Tuesday, December 31, 2013

Updates and such

With the year closing, now's as good a time as any to survey some of the things going on around here…

Now that The Visual Language of Comics is out in the UK/Europe, I am eagerly awaiting its release in the US at the end of January. For those of you who are reading it, I hope you're enjoying it, and I encourage you to post a review of it on its Amazon page. I am of course always welcoming of feedback directly or posted here in the blog comments as well.

For those of you who speak German, the article about my work in the magazine Der Spiegel has now appeared online in full.

For those of you who speak Spanish, my articles have continued to be translated each month in the online magazine Revista Exégisis. The latest issue translated my article on "natural" visual language poetry (English article), and also includes example strips from my friends Alexander Danner and Tym Godek's Two for No.

This coming year looks to be an exciting one. Beyond the full book release, I continue to work on a few exciting studies here at UC San Diego that are currently underway. I should have several papers appearing in journals within the coming months, and have plans to submit several more soon. Among these projects is actually my next book, which will be an edited volume combining the work of several researchers who have contributed to this broader field that I'm working to establish (most all of whom are cited in The Visual Language of Comics). More on this as it develops...

Finally, I am very much looking forward to this coming school year here at UC San Diego. I'll be teaching a "Language of Comics" class for the linguistics department in Winter Quarter, which will focus on the structural aspects of visual language. This class builds off of the one I taught several years ago at Tufts, but now with the added bonus of having a coherent textbook in my book! Then, in Spring Quarter we'll be moving on to a class on the "Cognition of Comics" for the cognitive science department. There the emphasis will be on the experimental and corpus research analyzing visual languages, and students will be guided through doing their own research projects on visual language. I'm really excited about this class!

Here's looking forward to 2014!

Monday, December 23, 2013

Der Spiegel article

For all you German speakers, the latest issue of Der Spiegel has an article about my research. Unfortunately, the full content is not available unless you're a subscriber, but a friend of mine has translated the preview content. Here's what it reads in English…

"An American psychologist claims that pictures speak their own language, with the pictures following a fixed grammar. Does the brain perceive 'Peanuts' in the same manner as Goethe's 'Faust'?
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On the day that the pictures learned to speak, Neil Cohn didn't understand a word. In front of him lay a pile of manga comics that a friend had loaned him. He flipped through the stacks, and was bowled over by what he saw. Neil didn't speak Japanese, but he read. Picture by picture, he deciphered the story. Hours later his head hurt.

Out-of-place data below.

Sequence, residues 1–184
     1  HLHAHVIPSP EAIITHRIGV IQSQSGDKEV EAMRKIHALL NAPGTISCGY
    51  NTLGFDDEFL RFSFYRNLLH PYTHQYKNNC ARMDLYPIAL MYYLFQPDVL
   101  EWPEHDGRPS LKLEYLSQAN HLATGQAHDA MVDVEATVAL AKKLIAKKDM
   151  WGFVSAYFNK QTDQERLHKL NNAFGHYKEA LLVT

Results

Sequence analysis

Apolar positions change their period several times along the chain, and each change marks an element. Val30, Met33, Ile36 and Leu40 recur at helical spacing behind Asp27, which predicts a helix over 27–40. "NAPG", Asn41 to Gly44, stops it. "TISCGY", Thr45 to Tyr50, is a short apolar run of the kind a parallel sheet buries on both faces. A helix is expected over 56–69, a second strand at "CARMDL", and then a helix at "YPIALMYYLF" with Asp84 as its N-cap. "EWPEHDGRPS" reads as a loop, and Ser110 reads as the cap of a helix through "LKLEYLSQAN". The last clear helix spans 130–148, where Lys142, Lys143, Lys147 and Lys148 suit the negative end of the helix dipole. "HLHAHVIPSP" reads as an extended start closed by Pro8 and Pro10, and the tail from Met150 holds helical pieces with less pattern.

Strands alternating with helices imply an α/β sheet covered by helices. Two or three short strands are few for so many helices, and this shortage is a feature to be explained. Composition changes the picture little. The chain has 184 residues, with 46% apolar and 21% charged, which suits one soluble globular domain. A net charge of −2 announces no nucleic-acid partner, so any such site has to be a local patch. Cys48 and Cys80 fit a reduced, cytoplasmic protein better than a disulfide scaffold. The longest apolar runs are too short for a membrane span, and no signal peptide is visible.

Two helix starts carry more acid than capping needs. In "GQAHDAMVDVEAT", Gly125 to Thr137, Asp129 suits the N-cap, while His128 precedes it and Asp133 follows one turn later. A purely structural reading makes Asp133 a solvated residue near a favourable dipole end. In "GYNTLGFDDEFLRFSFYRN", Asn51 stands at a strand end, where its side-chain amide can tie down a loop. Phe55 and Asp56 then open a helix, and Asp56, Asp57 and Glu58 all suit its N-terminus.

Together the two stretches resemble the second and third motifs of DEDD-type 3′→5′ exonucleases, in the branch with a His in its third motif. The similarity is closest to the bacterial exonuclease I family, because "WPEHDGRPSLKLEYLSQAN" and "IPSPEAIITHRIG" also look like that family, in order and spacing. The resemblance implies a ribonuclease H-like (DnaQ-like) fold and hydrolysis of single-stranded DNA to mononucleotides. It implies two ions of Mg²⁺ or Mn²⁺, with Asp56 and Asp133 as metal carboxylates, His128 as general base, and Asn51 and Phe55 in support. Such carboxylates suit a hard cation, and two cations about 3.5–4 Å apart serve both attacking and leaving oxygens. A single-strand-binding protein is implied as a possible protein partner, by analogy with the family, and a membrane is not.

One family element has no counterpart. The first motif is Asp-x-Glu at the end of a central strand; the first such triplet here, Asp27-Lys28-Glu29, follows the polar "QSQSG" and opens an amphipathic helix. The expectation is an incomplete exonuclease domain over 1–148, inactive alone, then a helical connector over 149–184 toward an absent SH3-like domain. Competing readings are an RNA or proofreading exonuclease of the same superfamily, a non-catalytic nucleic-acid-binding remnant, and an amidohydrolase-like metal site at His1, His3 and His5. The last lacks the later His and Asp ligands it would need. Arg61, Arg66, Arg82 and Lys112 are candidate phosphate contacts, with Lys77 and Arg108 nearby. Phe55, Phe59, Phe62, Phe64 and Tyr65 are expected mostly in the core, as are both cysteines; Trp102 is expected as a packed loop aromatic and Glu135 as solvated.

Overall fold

Years later Cohn worked as a comics illustrator, and now as a psychologist, and he sometimes wonders whether that day and the Mangas had something to do with what would become of him. That day, he now believes, he learned a new language; a language that has nothing to do with words."

The article is actually much longer (2 magazine pages), so if you read Der Spiegel, go check it out!

Thursday, December 19, 2013

Syntax, narrative, grammar… what!?

One of the aspects of my theories that people often find confusing is my claim that sequential images use a "narrative grammar" that is analogous to the grammar in sentences. This is confusing to many, because clearly individual images hold much more information than individual words.

This is true, but the analogy I make cuts beyond merely how much information is being conveyed, and involves deeper aspects of cognition related to their function, structure, and processing.

At the level of information, yes, panels contain much more information than words: they contain information more analogous to whole sentences. In fact, I would argue that the "narrative structure" that guides sequential images is the same structure that guides discourse and narrative of verbal stories. My theory works equally well for both of them.

So, why is there an analogy between narrative and syntax then?

First, though sequential images convey more information than individual words, narrative structure serves the same function as syntax to the communicative system. 

Both syntax and narrative function to package meaning in ways that are linear and coherent. Syntax itself is not meaning. The sentence Paul kissed Samantha is the same in meaning as Samantha was kissed by Paul, though they have different syntactic structures. Similarly, the same meaning can be conveyed in multiple ways in a sequence of images. These are the "storytelling" choices that authors make. "Narrative grammar" is the system that describes these rules.

Second, these rules governing narrative are structured in similar ways to syntax.